“And that was the end of the Old God,” Mina said. “And the start of the new age with our King restored.”
“Something like that,” Olsa said. She wasn’t particularly fond of the new age. She was a lot hungrier in it.
There was another creak from the hallway. This time, Olsa was sure it wasn’t the cat. She hated leaving a job undone, but there was no way she’d be able to ditch the children and complete her thievery now. That chance had been lost as soon as Ildy woke up, and now it was time to abandon the house completely. Another failure and another night as the most famous person in the realm who wasn’t going to get any supper. At least she was warm and her tunic had dried out. She looked back towards the window, her escape, and counted out how many breaths it would take her to cross the room to it and jump.
Without warning, the door to the nursery slammed open. Though she was prepared for it, Ildy and Mina were not. Both girls screamed at the noise and kept screaming when, instead of the familiar faces of their parents, the nursery filled with soldiers-at-arms in the uniforms of the city watch.
Olsa dove for the window, but as soon as she had it up, she saw the torches below and knew there was no escape that way either. She looked about for another rooftop, but found nothing. That was why she’d had to scale the wall to the nursery window in the first place. The chief gem merchant of Cadria took few chances when it came to home security.
She turned around to face the watch. The girls’ mother had come in and was soothing them. Mina looked calm, but Ildy was furious. Olsa did her best to swallow a smile. It appeared she had made another noble friend, for all the good it was about to do her.
“Olsa Rhetsdaughter,” said the leader of the watch, her tone more resigned than anything else. “You are under arrest.”
Excerpted from "The Afterward"
Copyright © 2019 E.K. Johnston.
Excerpted by permission of Penguin Young Readers Group.
All rights reserved. No part of this excerpt may be reproduced or reprinted without permission in writing from the publisher.
Excerpts are provided by Dial-A-Book Inc. solely for the personal use of visitors to this web site.
Most Helpful Customer Reviews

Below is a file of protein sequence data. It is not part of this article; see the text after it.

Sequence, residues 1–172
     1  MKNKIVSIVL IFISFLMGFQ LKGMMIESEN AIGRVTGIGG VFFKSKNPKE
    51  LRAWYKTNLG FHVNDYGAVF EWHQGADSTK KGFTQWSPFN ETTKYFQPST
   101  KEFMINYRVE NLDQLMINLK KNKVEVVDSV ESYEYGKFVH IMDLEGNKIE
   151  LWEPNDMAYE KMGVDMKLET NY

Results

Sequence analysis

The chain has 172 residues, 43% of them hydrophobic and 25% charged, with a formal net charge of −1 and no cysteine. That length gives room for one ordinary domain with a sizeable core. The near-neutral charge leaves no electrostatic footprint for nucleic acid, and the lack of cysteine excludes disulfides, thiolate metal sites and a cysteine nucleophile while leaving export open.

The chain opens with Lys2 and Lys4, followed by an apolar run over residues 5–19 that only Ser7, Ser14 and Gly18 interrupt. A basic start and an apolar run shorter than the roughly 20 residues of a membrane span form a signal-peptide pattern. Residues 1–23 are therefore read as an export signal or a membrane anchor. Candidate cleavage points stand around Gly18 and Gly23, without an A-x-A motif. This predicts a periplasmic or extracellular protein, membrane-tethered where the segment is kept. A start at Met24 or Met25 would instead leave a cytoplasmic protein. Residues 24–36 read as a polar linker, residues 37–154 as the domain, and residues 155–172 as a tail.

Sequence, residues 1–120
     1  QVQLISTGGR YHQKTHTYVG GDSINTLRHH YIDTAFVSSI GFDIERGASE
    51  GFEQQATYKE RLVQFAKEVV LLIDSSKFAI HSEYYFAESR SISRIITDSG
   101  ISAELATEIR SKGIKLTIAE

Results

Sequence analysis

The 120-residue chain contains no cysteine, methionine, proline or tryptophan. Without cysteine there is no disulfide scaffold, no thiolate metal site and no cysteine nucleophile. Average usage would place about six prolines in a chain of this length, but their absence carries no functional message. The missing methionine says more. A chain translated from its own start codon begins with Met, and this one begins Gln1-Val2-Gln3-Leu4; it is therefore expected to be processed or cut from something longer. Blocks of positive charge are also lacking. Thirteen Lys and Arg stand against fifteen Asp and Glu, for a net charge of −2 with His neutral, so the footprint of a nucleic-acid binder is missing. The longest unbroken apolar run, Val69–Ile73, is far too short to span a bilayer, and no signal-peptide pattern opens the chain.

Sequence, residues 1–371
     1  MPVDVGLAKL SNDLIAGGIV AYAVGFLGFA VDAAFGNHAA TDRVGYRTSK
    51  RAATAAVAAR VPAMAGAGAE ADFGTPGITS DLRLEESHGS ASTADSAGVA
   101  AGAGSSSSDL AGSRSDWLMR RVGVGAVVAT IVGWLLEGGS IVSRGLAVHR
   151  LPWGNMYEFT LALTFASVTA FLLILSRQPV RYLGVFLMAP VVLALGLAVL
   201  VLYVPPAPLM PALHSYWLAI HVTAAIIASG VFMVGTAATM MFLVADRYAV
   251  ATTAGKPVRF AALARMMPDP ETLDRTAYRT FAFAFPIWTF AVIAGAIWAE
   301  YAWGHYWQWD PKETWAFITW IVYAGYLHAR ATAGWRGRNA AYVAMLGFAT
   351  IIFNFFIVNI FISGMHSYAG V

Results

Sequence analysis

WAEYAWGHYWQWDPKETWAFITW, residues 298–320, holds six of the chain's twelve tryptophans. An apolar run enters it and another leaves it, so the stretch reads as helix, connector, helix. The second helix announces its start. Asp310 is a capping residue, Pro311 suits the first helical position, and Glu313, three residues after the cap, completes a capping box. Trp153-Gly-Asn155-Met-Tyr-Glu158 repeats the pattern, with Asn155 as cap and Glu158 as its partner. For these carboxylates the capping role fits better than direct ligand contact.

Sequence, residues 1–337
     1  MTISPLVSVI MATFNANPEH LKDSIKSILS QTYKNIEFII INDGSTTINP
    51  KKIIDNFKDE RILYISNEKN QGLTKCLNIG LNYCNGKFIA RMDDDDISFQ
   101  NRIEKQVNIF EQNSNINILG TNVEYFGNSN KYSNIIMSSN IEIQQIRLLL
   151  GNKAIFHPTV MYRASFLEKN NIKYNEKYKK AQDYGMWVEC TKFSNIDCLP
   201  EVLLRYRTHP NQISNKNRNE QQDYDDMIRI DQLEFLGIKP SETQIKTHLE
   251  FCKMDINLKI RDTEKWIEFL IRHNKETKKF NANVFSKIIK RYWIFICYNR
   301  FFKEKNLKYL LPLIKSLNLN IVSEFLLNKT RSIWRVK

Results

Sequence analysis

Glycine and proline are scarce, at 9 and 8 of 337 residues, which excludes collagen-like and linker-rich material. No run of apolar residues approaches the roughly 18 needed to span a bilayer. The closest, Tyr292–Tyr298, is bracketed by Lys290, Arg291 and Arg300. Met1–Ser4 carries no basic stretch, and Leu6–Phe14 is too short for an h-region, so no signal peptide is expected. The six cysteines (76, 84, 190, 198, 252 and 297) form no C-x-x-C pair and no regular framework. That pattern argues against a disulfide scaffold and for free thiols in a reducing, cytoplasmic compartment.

What happens after the epic quest, when everyone has gone home and they have become heroes of the land, but ultimately still have to go back to their daily lives? This is the essential question that The Afterward seeks to answer in this unique fantasy story. Most fantasy books rely on the action and intrigue of the quest itself to pull the reader in and keep the story going, but The Afterward is especially impressive because it deals with a concept that I hadn’t really considered and made it just as interesting as the quest itself. I’ve never really seen the aftereffects of an epic fantasy quest portrayed in this way and I have to say, I really enjoyed it! In this story we follow the two youngest members of the group, Kalanthe and Olsa, in their lives both Before (during the quest) and After (after the quest is complete). We get both character’s perspectives on what it was like to be a part of the quest, but also on what the aftermath of being heroes has created for them. Despite the fact that Kalanthe and Olsa fell in love during the quest, the two of them are at odds after. As an Apprentice Knight in a world where debt knights are the way many young people afford to become knights, Kalanthe is busy worrying over how she is going to pay her debts once knighted. The one option available to her is marriage, which she is dreading because of her love for Olsa and her own sexuality. Meanwhile, Olsa has returned to being a thief, but is finding it increasingly harder to steal anything because she is the most recognizable thief in the city, landing herself in prison multiple times where Kalanthe arrives to vouch for her every time. I loved the two main characters and how well their lives were portrayed after. I loved that the author did not have things become simple for them after their quest, their lives were messy and they both had a lot they had to work through, despite the bonds they had formed while on the quest. It ultimately made their love story all the more interesting because it felt more real. I really found myself rooting for the two of them and hoping they could just figure it out. I really enjoyed this sweet story about two heroes trying to find their way in the world after their quest is over, while trying to also find their ways back to each other. It was fantasy but ultimately, it is also a very character-driven look at the bonds characters form on quests, and it is also just the sweetest fantasy romance ever! One last thing that I loved about this book was how wonderfully inclusive it felt to read a story like this! There were sapphic relationships, there was talk of bisexuality, there was an allusion to asexuality, and SO. MANY. BADASS. WOMEN! The fact that this book mentioned far more lady knights than it did male knights was in itself enough for me to thoroughly enjoy this story!